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Conditioning?

Harry Erwin erwin at trwacs.fp.trw.com
Mon Oct 25 10:23:35 EST 1993


Dowling in Neurons and Networks (1992, Belknap) indicates that habituation
is associated with fewer vesicles releasing transmitter from the
presynaptic terminal. His guess is that this is associated with reduced
numbers of Ca++ ions entering the presynaptic terminal and participating
in vesicle binding to the membrane. He connects this to a build-up of Ca++
in the presynaptic terminal, which either reduces the conductance of the
voltage-sensitive Ca++ channels (which open while the synaptic terminal is
depolarized to allow Ca++ into the terminal) or enhances the Ca++ pump
activity, reducing the availability of Ca++ for vesicle binding. He points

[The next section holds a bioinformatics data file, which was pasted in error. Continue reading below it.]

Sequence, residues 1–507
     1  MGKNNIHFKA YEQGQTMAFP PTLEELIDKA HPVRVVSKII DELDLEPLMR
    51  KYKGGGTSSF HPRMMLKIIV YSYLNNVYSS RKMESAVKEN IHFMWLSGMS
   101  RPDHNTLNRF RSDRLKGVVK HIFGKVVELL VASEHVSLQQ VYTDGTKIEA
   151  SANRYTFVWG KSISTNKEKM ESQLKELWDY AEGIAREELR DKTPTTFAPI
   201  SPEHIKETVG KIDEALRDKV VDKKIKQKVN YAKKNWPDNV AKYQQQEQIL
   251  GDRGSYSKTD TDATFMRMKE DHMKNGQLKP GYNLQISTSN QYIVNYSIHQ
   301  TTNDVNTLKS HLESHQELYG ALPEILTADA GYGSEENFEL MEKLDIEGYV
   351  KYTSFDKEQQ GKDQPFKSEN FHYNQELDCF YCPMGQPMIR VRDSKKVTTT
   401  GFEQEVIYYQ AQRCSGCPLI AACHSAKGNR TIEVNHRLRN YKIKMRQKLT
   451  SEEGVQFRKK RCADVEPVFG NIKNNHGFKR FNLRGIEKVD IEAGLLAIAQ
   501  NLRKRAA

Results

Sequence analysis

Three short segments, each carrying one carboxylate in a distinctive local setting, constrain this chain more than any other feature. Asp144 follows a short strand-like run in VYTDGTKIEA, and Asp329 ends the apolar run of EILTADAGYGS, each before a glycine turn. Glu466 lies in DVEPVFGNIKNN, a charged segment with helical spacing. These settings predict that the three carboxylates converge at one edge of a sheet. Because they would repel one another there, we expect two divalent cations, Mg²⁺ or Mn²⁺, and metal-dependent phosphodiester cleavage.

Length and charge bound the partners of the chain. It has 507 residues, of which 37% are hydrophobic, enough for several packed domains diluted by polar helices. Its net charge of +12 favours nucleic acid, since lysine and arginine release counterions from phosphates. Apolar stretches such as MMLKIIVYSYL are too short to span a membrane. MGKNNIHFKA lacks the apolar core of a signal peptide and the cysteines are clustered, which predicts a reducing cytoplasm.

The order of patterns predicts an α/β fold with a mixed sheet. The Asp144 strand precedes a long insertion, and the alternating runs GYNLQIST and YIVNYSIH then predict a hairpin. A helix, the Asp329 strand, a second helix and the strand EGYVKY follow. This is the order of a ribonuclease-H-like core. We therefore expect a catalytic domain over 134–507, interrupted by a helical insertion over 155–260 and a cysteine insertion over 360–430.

out elsewhere that reducing Ca++ in the extracellular space or raising the
extracellular concentration of Mg++ or Co++ will diminish or stop
transmitter release. The current flow in a neuron has positive ions
entering at the excitatory post-synaptic membranes, negative ions
entering at the inhibitory synapses and positive ions exiting at the axon
hillock. This leads to a current flow of positive ions away from the soma
and towards the dendrites. The implications appear to be:
1. Inhibition by axo-somatic synapses should not lead to habituation.
2. Failure to fire not caused by inhibition should reduce the positive ion
current, leading to habituation.
3. Since NMDA potentiation involves Mg++ ions being ejected into the
extracellular space, coupled with Ca++ ions entering the post-synaptic
membrane, I would suspect habituation is involved in potentiation.

Just some speculations,
dendrites. 
-- 
Harry Erwin
Internet: erwin at trwacs.fp.trw.com
          herwin at cs.gmu.edu
Working on Freeman nets....



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